Enjoy this mashup of musical themes of the holidays from Six13! https://youtu.be/nj2UmFyrsxk
Rosh HaShanah (literally, “Head of the Year”) is the Jewish New Year, a time of prayer, self-reflection, and Yom Kippur (the “Day of Atonement”). Rosh HaShanah is widely observed by Jews throughout the world, often with prayer and reflection in a synagogue. There also are several holiday rituals observed at home.. We review our actions during the past year, and we look for ways to improve ourselves, our communities, and our world in the year to come. The holiday marks the beginning of a 10-day period, known as the Yamim Nora-im (“Days of Awe” or “High Holidays”), ushered in by Rosh HaShanah and culminating with
Rosh HaShanah is celebrated on the first day of the Hebrew month of differences in the solar and lunar calendar – corresponds to September or October on the Gregorian or secular calendar. Customs associated with the holiday include sounding the , eating a round , and tasting apples and honey to represent a sweet New Year. https://reformjudaism.org/, which – because of
Yom Kippur means “Day of Atonement” and refers to the annual Jewish observance of fasting, prayer, and repentance. Part of the High Holidays, which also includes Rosh HaShanah (the Jewish New Year), Yom Kippur is considered the holiest day on the Jewish calendar.
Yom Kippur is the moment in Jewish time when we dedicate our mind, body, and soul to reconciliation with our fellow human beings, ourselves, and God. As the New Year begins, we commit to self-reflection and inner change. As both seekers and givers of pardon, we turn first to those whom we have wronged, acknowledging our sins and the pain we have caused them. We are also commanded to forgive, to be willing to let go of any resentment we feel towards those who have committed offenses against us. Only then can we turn to God and ask for forgiveness. As we read in the Yom Kippur liturgy, “And for all these, God of forgiveness, forgive us, pardon us, and grant us atonement.” https://reformjudaism.org/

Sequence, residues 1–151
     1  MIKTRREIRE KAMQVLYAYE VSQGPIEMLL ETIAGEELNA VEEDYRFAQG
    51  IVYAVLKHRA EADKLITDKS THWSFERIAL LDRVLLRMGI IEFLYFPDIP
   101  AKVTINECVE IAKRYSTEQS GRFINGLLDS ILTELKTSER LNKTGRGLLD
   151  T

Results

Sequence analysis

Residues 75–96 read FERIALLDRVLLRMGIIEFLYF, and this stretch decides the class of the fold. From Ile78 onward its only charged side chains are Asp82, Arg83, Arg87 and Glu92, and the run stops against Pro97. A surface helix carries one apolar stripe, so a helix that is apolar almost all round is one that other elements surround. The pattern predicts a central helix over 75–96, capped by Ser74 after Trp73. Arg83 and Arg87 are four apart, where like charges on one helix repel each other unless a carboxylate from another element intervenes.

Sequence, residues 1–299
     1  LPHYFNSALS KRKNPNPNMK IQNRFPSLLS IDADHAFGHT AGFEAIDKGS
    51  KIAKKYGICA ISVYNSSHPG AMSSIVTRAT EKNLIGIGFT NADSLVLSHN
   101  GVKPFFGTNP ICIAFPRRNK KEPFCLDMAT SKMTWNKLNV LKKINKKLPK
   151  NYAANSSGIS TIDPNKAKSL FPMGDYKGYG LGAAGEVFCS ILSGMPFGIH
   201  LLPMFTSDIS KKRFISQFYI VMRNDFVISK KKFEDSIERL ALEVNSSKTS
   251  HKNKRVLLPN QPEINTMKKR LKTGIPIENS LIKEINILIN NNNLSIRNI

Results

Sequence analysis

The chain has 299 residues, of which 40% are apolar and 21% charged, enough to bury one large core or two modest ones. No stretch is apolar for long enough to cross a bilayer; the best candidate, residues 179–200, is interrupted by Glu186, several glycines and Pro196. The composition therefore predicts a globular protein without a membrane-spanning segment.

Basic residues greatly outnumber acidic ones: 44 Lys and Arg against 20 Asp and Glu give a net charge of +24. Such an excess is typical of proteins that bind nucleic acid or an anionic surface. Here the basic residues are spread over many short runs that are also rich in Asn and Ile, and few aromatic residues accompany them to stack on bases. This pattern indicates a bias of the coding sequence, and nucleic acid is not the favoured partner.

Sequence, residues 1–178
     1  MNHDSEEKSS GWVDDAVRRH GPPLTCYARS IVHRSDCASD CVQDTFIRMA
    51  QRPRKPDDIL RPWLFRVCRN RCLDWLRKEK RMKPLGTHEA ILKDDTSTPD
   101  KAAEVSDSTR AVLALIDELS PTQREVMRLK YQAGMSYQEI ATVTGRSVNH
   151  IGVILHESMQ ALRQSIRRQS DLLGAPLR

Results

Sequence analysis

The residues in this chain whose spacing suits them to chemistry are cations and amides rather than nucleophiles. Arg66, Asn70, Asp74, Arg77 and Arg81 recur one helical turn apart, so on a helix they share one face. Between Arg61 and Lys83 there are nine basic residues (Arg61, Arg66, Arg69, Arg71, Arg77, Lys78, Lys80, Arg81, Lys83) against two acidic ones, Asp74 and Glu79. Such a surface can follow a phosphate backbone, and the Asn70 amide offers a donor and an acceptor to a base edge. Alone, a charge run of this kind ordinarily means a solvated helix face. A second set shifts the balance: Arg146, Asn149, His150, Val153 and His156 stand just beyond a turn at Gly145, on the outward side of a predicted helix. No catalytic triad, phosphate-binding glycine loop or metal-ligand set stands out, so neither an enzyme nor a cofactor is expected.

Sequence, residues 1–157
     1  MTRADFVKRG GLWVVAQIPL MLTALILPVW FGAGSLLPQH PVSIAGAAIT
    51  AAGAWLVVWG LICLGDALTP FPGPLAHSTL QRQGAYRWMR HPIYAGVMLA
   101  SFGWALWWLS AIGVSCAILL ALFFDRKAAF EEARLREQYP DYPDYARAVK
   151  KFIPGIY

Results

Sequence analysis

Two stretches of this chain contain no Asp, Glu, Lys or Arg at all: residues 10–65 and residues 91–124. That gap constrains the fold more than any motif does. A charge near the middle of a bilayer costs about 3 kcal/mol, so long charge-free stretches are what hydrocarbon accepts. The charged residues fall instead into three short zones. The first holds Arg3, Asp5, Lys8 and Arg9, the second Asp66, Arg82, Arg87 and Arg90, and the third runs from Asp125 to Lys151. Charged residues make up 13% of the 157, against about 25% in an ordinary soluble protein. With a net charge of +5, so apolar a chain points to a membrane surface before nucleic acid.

Sukkot is one of the most joyful festivals on the Jewish calendar. “Sukkot,” a Hebrew word meaning “booths” or “huts,” refers to the Jewish festival of giving thanks for the fall harvest. The holiday has also come to commemorate the 40 years of Jewish wandering in the desert after the giving of theatop Mt. Sinai.
Also called Z’man Simchateinu (Season of Our Rejoicing), Sukkot is the only festival associated with an explicit commandment to rejoice. Sukkot is celebrated five days after Yom Kippur on the 15th of the Hebrew month of and is marked by several distinct traditions. One, which takes the commandment to dwell in booths literally, is to erect a sukkah, a small, temporary booth or hut. Sukkot (in this case, the plural of sukkah) are commonly used during the seven-day festival for eating, entertaining and even for sleeping.
Our sukkot have open walls and open doors, and this encourages us to welcome as many people as we can. We invite family, friends, neighbors, and community to rejoice, eat, and share what we have with each other. Another name for Sukkot is Chag HaAsif (Festival of the Ingathering), representing the importance in Jewish life of giving thanks for the bounty of the earth. https://reformjudaism.org/
Immediately following Sukkot, we observe Sh’mini Atzeret and Simchat Torah, a fun-filled day during which we celebrate the completion of the annual reading of the and affirm Torah as one of the pillars on which we build our lives. As part of the celebration, the Torah scrolls are taken from the ark and carried or danced around the synagogue seven times. During the Torah service, the concluding section of the fifth book of the Torah, D’varim (Deuteronomy), is read, and immediately following, the opening section of Genesis, or B’reishit, is read. This practice represents the cyclical nature of the relationship between the Jewish people and the reading of the Torah.
Historically, Sh’mini Atzeret and Simchat Torah were two separate holidays (a day of reflection after the end of Sukkot and a celebration of Torah the following day). However, in Israel and in Reform congregations, which generally observe one day of holidays rather than two, Sh’mini Atzeret is observed concurrently with Simchat Torah. https://reformjudaism.org/